Sunday, April 19, 2009

Use A Night Latch (Chicken Strap) for Safety

I was bucked off my horse last fall while penning cattle. It was the first time I'd ridden my new gelding in that situation, and he didn't react as well as I'd hoped he would. When my horse started to pitch, I made a grab for the dog collar I had running through the gullet of my saddle, but only got my rope strap instead. I should have maintained a hold of the rope strap, but instead went for the saddle horn. By that time, it was too late -- the saddle horn was under me as I was being thrown forward out of the saddle.

That dog collar I was grabbing for was my "night latch" or less charitably, "chicken strap" and I'm pretty confident that if I'd been able to get to it, I would not have been thrown. After I picked myself up again and regained my breath and my horse, I realized that I'd placed my rope on top of the night latch making it very hard to find in an emergency. The dog collar was also tended to lie flat against the pommel making it hard to grab quickly.

I searched online for a better night latch and came across one made by the Platte Valley Saddle Shop. The unique thing about this night latch compared to a dog collar is that it is designed to hold a hand-hold loop up, away from the pommel. I ordered one for my saddle and one for my wife's and have been very pleased with them. They're much easier to find and grab in an emergency and they're also very well made and compliment the saddles. The picture shows both night latches on my saddle.

So if you ride in a western saddle, I strongly recommend purchasing one of these to provide a quick hand hold if you need one. I've also recently read that a night latch is a better hand hold than the horn because it doesn't tend to pull you forward out of the saddle -- instead you can pull yourself right into the seat. The best night latch I've ever seen is the one built by Platte Valley Saddle Shop.

Saturday, April 18, 2009

Safety Stirrups Build Confidence in Your Riding

I was bucked off last fall. It made me a little apprehensive about riding my horse, because he hadn't bucked with me before and there was no particular thing that set him off. I decided to invest in some safety equipment even though I was only banged up a little from this incident.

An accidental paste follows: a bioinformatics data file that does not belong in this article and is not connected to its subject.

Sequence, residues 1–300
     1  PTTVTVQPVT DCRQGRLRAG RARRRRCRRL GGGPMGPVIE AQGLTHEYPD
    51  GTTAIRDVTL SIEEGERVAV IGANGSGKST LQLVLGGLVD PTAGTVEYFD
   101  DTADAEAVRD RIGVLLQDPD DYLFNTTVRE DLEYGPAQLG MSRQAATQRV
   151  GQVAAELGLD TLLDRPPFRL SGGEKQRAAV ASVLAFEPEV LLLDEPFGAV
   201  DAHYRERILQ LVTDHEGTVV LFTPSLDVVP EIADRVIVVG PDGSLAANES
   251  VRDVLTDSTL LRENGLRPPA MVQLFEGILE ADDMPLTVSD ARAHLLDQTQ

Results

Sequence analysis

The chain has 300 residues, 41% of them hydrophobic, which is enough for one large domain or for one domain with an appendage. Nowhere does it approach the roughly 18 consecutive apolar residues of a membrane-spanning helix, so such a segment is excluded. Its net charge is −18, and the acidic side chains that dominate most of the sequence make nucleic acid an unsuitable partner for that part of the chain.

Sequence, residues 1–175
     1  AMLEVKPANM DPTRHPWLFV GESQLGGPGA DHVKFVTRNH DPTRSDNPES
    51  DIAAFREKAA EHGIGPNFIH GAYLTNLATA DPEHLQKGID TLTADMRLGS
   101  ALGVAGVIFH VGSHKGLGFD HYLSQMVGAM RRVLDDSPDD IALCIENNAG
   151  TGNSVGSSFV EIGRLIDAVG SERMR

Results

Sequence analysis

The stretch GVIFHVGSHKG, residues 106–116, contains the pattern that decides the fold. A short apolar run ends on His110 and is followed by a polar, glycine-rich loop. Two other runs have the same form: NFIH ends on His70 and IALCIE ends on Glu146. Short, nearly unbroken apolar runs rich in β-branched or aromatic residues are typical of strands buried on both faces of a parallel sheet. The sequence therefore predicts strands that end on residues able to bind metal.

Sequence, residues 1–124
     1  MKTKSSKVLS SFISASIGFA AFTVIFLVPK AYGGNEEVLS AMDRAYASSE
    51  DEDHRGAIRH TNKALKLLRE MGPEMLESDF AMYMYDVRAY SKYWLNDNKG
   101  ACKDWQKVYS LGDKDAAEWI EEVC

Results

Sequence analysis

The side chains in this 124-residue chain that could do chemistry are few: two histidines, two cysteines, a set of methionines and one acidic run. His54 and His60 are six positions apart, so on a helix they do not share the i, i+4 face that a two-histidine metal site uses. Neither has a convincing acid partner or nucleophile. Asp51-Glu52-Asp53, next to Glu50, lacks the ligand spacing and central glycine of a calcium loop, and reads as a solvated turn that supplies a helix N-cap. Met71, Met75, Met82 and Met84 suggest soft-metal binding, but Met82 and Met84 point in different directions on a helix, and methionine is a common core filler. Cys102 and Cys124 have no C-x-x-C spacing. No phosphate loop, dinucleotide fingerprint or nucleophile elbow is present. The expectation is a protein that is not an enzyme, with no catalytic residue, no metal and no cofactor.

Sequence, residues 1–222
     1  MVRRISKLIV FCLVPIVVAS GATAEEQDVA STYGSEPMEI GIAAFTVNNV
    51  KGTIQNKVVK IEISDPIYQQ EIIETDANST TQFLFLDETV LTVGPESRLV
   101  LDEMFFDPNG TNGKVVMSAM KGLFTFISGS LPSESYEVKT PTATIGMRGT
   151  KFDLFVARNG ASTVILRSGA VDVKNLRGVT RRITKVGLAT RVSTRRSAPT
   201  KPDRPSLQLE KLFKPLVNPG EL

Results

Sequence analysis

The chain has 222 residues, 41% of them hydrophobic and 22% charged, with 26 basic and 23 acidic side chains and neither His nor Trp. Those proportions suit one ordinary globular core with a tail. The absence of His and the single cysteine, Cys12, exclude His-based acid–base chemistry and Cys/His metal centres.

I had seen safety stirrups in several equine catalogs, and I thought I'd invest in a pair to make it less likely that any future bucking event would cause me to get hung up in a stirrup. I ride alone most of the time, and if I were dragged by my horse, it could be awhile before someone misses me and even longer before someone finds me.

The stirrups I'd seen in the catalogs protected the rider by opening when the rider falls backward out of the saddle. However, I'd been bucked off and fallen forward. I did a Web search for "safety stirrups" and found a unique stirrup from a company called STI. The STI breakaway stirrups release both forward and backward and the video on the home page was pretty compelling.

I purchased the stirrups and I've been using them for four months now. They ride well and look good with my saddle. I haven't been bucked off again, but I've tested the release mechanisms and they work exactly as advertised. I'm more confident in my riding too.

If you're considering safety stirrups for yourself or your kids, take a look at these. They're not the cheapest safety stirrups on the market, but they're well made and look like they'll function when they're needed.

Yield the Hindquarters for a Preride Safety Check

Several years ago, I spent a week at Bob and Betty King's Cowboy School in Chochise, AZ. It was a great experience and I learned much, but one particular Cowboy School tip helped me recently. Bob taught me to make sure that my horse would willingly yield his hindquarters in both directions before stepping aboard. My gelding normally has no trouble with the exercise, but last week he was obviously bothered when I asked him to yield to the left. He threw his head up and he tried to back away from the pressure. When I asked him to try again, he backed away and started to buck at the end of the lead rope. After three or four jumps, he stopped and I moved in to check his saddle fit, girth fit, etc.

Everything appeared normal so I just walked him around a bit more and then started with some easy backing exercises before moving again to yielding the hindquarters. This time he was much more relaxed and performed the exercises correctly. I climbed aboard and enjoyed a great 1 1/2 hour trail ride.

I know that if I hadn't performed the hindquarters exercise, my horse probably would have bucked with me early in our ride. There was no other indication of his troubled state of mind when I caught, groomed, and saddled my horse. Thanks Bob and Betty!

A good description of the exercise is contained in the groundwork section of Marty Marten's book, Problem Solving.